The arrangements under the 1846 act require updating to take account of changing circumstances, including the construction of residential properties on part of the benefited land at Balgowan. The bill, which has been the subject of significant public consultation, will update a number of arrangements, particularly for the calculation of the annual assessment that is payable by all heritors.

The bill has raised a number of issues, particularly with regard to residential properties. Residents have concerns about the benefit that they consider that they receive from the pow and about the arrangements for and the level of annual assessments. All residential properties benefit directly from the pow, which enables them to have surface water drainage and foul drainage, and which enables some to have flood alleviation. Permission would not have been granted for the residential properties without the opportunity for drainage of surface water and foul water, which ultimately goes into the pow. In addition to the individual septic tanks that drain into the pow, I believe that the committee saw during its site visit the waste water treatment plant for the new development at Balgowan, which drains into the pow.

As we have indicated in evidence, the commissioners do not consider that the annual assessment should be subject to a cap or limit. Although no capital expenditure is foreseen other than that for the provision of two beaver gates, the imposition of a cap would in practice place an unworkable and unacceptable limitation on the work of the commissioners in their repair, maintenance, renewal and improvement of the pow. Such a cap would mean that the bill was not future proofed, in circumstances where it must be.

On anticipated costs, we heard in evidence today that the beaver gates will cost about £42,000 to install, including the costs of any informal or formal arrangement with the landowners. The provision of the beaver gates is a concern for the committee and for the commission. It is an item of extraordinary expenditure that, although it is necessary to protect the pow, is not of the commissioners’ making; it is a consequence of policies and legislation that require the reintroduction and protection of beavers, and an exclusion area for beavers, which I think is the first in Scotland. It is considered important that SNH considers making sufficient grants available to pay for those works, and we will write to SNH shortly after this meeting to follow up on its deliberations about grant funding and its meeting with the Scottish Government.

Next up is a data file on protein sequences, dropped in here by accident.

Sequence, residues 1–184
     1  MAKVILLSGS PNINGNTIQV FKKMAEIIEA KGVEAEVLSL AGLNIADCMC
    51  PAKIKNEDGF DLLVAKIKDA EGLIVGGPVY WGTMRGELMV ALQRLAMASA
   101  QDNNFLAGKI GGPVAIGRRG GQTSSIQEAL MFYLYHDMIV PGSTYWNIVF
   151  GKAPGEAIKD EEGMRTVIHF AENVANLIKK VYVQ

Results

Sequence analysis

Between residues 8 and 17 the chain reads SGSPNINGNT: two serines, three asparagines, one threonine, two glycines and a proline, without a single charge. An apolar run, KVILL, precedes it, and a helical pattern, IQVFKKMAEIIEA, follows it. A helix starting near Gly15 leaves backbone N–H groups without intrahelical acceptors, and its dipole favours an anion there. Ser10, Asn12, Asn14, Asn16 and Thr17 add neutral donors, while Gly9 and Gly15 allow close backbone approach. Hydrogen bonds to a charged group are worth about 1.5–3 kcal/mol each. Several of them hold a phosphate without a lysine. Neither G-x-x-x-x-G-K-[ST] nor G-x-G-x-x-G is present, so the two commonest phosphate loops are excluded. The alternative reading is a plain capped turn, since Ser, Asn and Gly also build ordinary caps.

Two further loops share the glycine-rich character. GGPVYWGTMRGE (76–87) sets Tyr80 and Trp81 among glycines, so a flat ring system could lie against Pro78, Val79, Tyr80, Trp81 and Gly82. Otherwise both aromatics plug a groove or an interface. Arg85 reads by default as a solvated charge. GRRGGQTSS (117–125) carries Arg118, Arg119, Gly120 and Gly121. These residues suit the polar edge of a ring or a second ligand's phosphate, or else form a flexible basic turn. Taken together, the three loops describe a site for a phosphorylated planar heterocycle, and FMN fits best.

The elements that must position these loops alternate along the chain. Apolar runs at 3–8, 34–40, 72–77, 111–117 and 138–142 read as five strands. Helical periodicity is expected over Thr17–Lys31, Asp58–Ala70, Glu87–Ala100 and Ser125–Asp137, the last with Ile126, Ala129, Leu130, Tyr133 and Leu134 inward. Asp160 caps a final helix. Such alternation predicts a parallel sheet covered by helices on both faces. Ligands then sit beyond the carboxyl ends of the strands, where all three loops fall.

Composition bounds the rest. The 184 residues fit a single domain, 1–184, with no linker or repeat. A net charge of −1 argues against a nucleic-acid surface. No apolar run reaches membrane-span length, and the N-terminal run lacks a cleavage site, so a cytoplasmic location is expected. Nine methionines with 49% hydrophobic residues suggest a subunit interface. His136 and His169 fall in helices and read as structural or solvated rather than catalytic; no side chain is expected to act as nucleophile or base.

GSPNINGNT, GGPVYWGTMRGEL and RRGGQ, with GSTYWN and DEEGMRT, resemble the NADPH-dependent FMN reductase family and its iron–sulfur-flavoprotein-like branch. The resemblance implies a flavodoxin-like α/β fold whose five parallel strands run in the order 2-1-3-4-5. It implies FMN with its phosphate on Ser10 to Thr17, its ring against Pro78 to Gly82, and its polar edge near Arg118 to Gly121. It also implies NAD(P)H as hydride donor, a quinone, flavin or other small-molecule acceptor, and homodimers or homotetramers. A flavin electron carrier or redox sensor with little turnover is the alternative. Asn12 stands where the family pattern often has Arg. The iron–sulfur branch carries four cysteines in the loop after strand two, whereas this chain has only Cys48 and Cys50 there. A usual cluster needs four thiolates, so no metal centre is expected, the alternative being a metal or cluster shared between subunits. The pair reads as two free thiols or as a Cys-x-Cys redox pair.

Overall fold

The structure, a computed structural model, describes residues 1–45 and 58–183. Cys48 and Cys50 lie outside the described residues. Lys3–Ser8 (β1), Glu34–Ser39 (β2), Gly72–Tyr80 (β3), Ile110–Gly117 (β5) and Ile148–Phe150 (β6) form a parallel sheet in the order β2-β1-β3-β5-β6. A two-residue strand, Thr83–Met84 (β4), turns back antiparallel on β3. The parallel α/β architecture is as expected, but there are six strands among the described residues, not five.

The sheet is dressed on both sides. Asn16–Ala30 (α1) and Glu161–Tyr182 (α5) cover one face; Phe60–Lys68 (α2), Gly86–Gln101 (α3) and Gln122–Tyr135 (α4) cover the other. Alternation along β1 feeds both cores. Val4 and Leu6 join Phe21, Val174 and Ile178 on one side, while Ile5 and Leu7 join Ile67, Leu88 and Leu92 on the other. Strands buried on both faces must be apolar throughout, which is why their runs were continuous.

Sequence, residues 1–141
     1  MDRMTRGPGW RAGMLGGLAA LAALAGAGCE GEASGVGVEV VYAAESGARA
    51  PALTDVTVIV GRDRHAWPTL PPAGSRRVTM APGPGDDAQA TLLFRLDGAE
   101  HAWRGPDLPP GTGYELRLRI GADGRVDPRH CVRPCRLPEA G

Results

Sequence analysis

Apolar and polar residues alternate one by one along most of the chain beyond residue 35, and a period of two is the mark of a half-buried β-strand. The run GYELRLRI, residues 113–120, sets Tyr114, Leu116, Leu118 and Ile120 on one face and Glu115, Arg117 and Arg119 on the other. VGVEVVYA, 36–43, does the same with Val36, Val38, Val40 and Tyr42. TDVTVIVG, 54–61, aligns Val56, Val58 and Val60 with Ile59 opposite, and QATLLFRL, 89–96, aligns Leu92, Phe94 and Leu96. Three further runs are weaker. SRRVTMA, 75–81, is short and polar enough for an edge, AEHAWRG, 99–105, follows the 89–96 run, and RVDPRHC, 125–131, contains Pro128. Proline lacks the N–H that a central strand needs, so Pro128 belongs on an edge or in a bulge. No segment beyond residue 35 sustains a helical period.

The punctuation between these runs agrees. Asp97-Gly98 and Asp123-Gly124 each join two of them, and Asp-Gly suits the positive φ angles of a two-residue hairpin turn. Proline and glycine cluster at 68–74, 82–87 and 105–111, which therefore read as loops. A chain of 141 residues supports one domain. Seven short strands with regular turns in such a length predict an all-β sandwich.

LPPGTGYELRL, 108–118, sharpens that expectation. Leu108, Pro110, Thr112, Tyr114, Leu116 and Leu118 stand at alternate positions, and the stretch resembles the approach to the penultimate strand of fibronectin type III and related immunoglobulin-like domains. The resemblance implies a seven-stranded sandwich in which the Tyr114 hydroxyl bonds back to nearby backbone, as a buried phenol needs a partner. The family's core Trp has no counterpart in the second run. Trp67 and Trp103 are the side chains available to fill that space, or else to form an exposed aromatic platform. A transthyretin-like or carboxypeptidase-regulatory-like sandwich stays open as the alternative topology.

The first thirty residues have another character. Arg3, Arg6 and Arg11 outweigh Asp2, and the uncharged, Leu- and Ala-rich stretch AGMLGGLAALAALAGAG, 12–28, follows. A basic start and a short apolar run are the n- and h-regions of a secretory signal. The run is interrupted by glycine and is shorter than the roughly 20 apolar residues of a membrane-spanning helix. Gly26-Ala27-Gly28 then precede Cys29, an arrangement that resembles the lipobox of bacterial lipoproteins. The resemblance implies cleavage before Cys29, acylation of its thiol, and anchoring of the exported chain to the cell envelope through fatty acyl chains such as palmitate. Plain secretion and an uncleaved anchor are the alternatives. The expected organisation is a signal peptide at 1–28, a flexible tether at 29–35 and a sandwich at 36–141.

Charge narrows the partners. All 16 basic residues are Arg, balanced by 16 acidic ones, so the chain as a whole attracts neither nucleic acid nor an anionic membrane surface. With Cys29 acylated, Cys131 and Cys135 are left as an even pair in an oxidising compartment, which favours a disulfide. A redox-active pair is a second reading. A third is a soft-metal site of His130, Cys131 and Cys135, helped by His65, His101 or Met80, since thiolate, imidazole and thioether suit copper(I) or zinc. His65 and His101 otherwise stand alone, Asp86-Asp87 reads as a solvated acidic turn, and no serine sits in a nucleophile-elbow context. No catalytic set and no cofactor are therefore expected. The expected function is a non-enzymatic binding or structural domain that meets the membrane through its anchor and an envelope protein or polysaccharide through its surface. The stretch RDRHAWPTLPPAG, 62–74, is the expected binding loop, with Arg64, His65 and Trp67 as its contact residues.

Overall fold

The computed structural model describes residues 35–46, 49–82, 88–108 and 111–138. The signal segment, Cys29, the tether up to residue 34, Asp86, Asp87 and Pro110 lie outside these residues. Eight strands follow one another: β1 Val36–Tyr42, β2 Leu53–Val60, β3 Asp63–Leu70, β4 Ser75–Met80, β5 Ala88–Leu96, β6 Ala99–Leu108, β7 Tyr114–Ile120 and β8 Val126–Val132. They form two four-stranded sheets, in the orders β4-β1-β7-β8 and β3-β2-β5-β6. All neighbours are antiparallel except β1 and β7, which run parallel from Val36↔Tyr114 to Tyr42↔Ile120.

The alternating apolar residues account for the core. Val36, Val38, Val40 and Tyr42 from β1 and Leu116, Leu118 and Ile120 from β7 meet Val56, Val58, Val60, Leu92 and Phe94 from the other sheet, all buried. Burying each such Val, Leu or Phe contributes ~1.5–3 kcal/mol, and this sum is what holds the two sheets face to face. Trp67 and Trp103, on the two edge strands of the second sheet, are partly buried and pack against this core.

I now wish to concentrate on the amendments to the bill that the commissioners are prepared to offer for the committee’s consideration to address its concerns. I believe that the proposed amendments would provide heritors—particularly the Balgowan heritors—with additional statutory protections.

The first amendment would allow for up to two commissioners to represent the Balgowan section of the benefited land. As the number of commissioners would increase from seven to eight, we would need to increase the quorum at meetings of the commission from three to four, to ensure that 50 per cent of the commissioners—four of the eight—formed a quorum.

The commissioners are minded to offer an amendment to allow a simple majority of the heritors of a particular section to dismiss a commissioner, but in relation only to their particular section.

The commissioners are prepared to offer an amendment to allow objectors to the annual assessment a formal right to comment on it—the 21-day period that we talked about. That would be backed by our reference to an independent surveyor, which we discussed.